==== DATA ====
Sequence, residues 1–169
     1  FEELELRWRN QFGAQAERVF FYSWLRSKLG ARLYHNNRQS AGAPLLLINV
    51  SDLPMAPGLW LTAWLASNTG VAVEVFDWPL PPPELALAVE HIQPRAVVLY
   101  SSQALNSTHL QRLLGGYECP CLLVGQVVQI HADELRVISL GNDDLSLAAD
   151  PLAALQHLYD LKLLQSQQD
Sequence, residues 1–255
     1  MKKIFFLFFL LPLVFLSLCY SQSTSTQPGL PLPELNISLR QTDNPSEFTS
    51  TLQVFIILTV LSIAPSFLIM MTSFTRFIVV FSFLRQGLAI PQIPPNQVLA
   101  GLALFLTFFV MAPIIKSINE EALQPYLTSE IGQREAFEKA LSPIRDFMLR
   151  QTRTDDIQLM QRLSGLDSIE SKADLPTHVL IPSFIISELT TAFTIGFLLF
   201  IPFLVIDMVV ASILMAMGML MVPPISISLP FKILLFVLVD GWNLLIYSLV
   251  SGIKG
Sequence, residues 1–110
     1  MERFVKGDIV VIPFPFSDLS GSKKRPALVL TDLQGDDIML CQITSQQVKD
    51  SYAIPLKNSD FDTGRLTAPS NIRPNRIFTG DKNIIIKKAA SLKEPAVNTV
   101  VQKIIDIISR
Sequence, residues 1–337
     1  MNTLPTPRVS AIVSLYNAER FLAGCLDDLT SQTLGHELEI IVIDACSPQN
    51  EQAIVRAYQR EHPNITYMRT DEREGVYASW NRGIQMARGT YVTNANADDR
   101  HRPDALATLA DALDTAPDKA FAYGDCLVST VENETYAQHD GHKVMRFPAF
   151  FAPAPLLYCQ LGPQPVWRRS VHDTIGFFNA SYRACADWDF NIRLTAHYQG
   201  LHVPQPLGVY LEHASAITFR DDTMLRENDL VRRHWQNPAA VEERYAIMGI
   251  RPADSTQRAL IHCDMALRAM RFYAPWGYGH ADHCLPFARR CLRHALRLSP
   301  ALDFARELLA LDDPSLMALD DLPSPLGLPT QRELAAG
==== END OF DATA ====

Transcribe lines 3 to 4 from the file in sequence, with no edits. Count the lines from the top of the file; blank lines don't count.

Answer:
    51  SDLPMAPGLW LTAWLASNTG VAVEVFDWPL PPPELALAVE HIQPRAVVLY
   101  SSQALNSTHL QRLLGGYECP CLLVGQVVQI HADELRVISL GNDDLSLAAD